One of the last warm days of September we took a ride to Harrogate, Yorkshire, in part because it’s close, in part cause I wanted to see the gardens! For readers of detective novels, there is a story about Agatha Christie that you might be interested in.

Arx celebris fontibus

Harrogate has developed thanks to its thermal waters, which were discovered around the Sixteenth Century and, in subsequent periods, allowed the town to have a great amount of tourists, especially among the nobility and the well-to-do. Although with time most of the thermal structures have closed, the fame still remains, in the museums and in the only original spa still open and in operation, the Turkish Baths, Victorian style.

Detective novels fans may remember Harrogate for another reason as well. In 1926, Agatha Christie stopped at the Old Swan Hotel in Harrogate, under false name; they searched for her for about ten days, until a member of the band of the hotel recognized her. The reason for this small (dis) adventure is unknown, maybe it was amnesia, depression or just advertising.

I said, the gardens. This summer we visited a lot of parks and gardens.
Mainly, there are two gardens in Harrogate. One is the Stray, perhaps treated truly as a city park, ideal for walking the dog, jogging, bringing the children to play and flying kites. Here you also find the Tewit well, which is the one that, once discovered in 1500, gave way to the spa development of Harrogate. The Stray also hosts the Bonfire Night in early November.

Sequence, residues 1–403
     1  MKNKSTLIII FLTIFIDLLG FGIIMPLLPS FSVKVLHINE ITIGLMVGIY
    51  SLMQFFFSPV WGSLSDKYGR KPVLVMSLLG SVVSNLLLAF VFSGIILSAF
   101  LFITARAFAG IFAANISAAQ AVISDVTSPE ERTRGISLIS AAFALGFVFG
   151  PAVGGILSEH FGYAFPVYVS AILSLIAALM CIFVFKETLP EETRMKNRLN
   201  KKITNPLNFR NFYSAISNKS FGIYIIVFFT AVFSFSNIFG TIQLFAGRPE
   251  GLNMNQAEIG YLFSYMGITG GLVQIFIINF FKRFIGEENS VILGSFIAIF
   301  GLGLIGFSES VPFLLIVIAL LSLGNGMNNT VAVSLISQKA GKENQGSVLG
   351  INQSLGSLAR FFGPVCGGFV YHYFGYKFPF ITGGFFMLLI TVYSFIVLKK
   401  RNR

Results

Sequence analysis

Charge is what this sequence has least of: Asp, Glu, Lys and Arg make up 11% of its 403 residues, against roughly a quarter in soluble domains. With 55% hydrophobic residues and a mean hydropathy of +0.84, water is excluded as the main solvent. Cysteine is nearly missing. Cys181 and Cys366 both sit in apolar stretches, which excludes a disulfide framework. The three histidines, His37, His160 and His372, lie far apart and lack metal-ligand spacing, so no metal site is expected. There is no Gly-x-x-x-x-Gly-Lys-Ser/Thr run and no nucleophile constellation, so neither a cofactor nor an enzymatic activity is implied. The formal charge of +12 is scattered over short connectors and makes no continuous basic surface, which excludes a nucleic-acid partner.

The other park is Valley Gardens which, as the name implies, is kept as a beautiful garden, with flowerbeds, different species of plants and ponds. Here too there are areas dedicated to sports activities (basketball, skateboarding, tennis….) and play areas for children. There is also a beautiful and characteristic walk dedicated to  the moors, with plants typical of various places.

We went on a Saturday and during a food festival, so there were plenty of booths and really lots of people. Despite not loving the crowds (one day I’ll tell you why the crowds in Japan, instead, don’t hit my nerves), in Harrogate there was that ‘home’ atmosphere: a small town, a few minutes by train from the main cities, but with that attitude of the inhabitants that seem to say: ‘We have everything here, why moving? The others come here!’, with his habits, regular festivals every year… I don’t know… writing I was reminded of Odaiba… home sweet home…. However, it was a short but pleasant encounter, and there was another little trip to the Harrogate Flower Show.

Returning to Valley Gardens, a really nice and interesting thing to see is the Magnesia Well Pump Room, built in 1858 and whose mineral-rich water was used to treat gout, rheumatism and anemia. The building has been restored and reopened as an exhibition in 2015.

Or you could sit in the Sun Pavillion, an Art Deco structure with a glass dome, on which various wisteria plants climb. Today it’s used especially for weddings and private events.

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